Abstract: In the last few years, Artificial Intelligence (AI) has achieved a notable momentum that, if harnessed appropriately, may deliver the best of expectations over many application sectors across the field. For this to occur shortly in Machine Learning, the entire community stands in front of the barrier of explainability, an inherent problem of the latest techniques brought by sub-symbolism (e.g. ensembles or Deep Neural Networks) that were not present in the last hype of AI (namely, expert systems and rule based models). Paradigms underlying this problem fall within the so-called eXplainable AI (XAI) field, which is widely acknowledged as a crucial feature for the practical deployment of AI models. The overview presented in this article examines the existing literature and contributions already done in the field of XAI, including a prospect toward what is yet to be reached. For this purpose we summarize previous efforts made to define explainability in Machine Learning, establishing a novel definition of explainable Machine Learning that covers such prior conceptual propositions with a major focus on the audience for which the explainability is sought. Departing from this definition, we propose and discuss about a taxonomy of recent contributions related to the explainability of different Machine Learning models, including those aimed at explaining Deep Learning methods for which a second dedicated taxonomy is built and examined in detail. This critical literature analysis serves as the motivating background for a series of challenges faced by XAI, such as the interesting crossroads of data fusion and explainability. Our prospects lead toward the concept of Responsible Artificial Intelligence, namely, a methodology for the large-scale implementation of AI methods in real organizations with fairness, model explainability and accountability at its core. Our ultimate goal is to provide newcomers to the field of XAI with a thorough taxonomy that can serve as reference material in order to stimulate future research advances, but also to encourage experts and professionals from other disciplines to embrace the benefits of AI in their activity sectors, without any prior bias for its lack of interpretability.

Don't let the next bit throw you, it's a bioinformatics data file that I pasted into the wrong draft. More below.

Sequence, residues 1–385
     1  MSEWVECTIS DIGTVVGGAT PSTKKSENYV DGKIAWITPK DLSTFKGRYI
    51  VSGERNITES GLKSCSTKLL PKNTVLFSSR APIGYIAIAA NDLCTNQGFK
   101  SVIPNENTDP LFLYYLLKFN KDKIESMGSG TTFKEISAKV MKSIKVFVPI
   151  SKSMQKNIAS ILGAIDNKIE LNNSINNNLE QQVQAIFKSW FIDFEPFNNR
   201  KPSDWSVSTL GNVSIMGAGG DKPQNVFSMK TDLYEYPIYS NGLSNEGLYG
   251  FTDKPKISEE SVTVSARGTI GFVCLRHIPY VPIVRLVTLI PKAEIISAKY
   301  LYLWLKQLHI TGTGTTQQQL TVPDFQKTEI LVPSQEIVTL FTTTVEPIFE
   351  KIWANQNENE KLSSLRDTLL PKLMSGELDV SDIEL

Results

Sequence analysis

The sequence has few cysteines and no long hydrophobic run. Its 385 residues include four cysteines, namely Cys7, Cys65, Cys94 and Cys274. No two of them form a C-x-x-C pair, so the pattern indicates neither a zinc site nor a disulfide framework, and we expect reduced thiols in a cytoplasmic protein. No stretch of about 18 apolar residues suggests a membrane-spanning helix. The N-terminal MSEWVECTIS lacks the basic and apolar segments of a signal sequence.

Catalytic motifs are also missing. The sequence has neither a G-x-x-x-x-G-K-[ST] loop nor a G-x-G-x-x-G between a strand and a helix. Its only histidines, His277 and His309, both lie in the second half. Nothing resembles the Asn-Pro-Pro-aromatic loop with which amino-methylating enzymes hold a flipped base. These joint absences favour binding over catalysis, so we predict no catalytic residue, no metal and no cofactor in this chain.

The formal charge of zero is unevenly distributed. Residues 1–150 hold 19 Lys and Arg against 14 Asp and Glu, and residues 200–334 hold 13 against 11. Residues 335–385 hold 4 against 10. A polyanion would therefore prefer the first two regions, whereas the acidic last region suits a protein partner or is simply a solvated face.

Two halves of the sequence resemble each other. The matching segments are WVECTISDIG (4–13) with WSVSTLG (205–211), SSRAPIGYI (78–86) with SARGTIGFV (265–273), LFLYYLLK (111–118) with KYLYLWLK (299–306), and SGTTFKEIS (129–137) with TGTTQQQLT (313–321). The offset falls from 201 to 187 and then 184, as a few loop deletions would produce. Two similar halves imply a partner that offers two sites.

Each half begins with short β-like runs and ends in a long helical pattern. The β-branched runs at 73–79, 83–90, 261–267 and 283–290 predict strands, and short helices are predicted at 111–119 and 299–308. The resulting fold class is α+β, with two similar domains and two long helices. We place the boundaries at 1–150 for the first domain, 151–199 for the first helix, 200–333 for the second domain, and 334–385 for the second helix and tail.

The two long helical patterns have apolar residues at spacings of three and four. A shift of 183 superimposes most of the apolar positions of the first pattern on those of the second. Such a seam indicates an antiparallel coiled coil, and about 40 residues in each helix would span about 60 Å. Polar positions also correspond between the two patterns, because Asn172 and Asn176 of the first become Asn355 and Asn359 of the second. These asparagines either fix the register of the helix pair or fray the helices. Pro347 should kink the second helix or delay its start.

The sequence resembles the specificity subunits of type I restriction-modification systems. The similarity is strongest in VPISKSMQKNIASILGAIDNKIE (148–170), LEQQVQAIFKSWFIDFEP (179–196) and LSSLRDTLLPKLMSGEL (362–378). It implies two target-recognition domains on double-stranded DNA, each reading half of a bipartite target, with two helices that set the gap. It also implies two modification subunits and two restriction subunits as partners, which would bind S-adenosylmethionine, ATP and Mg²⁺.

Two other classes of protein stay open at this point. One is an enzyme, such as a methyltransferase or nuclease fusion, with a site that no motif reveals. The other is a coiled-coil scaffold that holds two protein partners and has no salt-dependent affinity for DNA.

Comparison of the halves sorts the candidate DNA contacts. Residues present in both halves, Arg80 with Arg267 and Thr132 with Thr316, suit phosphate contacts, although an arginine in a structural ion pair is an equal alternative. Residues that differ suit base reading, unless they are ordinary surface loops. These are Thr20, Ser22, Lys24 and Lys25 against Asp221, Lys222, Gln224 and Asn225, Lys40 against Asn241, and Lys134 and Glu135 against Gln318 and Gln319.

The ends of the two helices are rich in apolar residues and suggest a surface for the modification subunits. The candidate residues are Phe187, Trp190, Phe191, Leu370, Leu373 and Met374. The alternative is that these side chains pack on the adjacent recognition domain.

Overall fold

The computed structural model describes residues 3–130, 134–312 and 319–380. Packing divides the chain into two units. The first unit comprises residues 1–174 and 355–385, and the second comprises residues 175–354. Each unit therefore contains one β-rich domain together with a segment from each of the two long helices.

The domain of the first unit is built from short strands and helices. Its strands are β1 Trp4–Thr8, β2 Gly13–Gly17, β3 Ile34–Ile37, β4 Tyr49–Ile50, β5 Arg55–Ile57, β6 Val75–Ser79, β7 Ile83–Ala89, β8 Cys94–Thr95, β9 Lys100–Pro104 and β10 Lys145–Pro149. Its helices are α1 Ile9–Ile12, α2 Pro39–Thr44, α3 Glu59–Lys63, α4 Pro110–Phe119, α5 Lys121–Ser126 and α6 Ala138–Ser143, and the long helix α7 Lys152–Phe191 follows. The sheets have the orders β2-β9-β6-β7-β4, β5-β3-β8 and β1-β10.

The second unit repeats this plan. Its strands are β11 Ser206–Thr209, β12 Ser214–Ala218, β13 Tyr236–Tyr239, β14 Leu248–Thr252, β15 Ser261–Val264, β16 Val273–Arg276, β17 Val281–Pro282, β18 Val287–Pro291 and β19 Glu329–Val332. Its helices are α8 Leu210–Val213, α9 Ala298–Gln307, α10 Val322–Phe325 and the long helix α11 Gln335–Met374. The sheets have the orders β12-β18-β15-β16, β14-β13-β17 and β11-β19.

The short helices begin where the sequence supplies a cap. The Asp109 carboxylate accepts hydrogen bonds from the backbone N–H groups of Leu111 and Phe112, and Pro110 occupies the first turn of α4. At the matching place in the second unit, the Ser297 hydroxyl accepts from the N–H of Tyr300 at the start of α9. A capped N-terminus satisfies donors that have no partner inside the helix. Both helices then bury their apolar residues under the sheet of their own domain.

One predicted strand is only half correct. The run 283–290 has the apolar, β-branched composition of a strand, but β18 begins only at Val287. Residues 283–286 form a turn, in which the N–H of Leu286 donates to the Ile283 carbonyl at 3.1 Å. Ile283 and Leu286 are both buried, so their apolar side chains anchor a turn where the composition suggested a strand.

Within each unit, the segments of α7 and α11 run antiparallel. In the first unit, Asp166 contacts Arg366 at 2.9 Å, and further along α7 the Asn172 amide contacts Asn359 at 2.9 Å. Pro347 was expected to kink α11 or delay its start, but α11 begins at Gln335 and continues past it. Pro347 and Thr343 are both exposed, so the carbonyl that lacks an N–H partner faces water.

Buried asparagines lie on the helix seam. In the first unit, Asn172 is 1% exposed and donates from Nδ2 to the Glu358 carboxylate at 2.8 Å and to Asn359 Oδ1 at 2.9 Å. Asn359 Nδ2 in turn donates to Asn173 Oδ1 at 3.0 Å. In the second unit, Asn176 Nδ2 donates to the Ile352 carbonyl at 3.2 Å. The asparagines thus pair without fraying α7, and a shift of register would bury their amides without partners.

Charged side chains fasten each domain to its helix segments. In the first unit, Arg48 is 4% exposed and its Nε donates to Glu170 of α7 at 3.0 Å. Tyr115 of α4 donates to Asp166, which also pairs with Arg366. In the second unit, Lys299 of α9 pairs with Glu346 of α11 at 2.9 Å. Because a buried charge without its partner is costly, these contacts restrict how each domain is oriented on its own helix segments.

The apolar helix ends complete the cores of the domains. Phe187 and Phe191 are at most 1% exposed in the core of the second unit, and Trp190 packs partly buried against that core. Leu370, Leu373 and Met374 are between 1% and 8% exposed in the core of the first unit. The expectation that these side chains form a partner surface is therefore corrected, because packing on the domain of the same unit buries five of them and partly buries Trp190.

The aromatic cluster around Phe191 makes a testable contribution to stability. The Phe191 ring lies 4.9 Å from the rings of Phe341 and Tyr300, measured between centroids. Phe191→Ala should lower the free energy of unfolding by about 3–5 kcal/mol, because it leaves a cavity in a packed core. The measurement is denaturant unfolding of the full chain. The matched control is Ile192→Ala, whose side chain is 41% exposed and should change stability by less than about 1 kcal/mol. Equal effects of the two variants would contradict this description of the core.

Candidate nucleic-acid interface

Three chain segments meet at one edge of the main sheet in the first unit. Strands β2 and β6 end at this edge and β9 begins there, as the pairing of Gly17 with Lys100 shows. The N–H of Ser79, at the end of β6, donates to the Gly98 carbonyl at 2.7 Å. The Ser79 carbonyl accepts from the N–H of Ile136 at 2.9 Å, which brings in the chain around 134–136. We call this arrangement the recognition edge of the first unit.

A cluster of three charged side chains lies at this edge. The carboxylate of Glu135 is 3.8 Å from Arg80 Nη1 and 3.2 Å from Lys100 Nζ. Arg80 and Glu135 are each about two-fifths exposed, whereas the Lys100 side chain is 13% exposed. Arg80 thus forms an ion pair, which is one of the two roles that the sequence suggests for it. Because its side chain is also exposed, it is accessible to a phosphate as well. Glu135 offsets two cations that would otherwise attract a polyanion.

TL;DR: This paper reviews the varied attempts to provide a formal explanation of error diversity, including several heuristic and qualitative explanations in the literature, and introduces the idea of implicit and explicit diversity creation methods, and three dimensions along which these may be applied.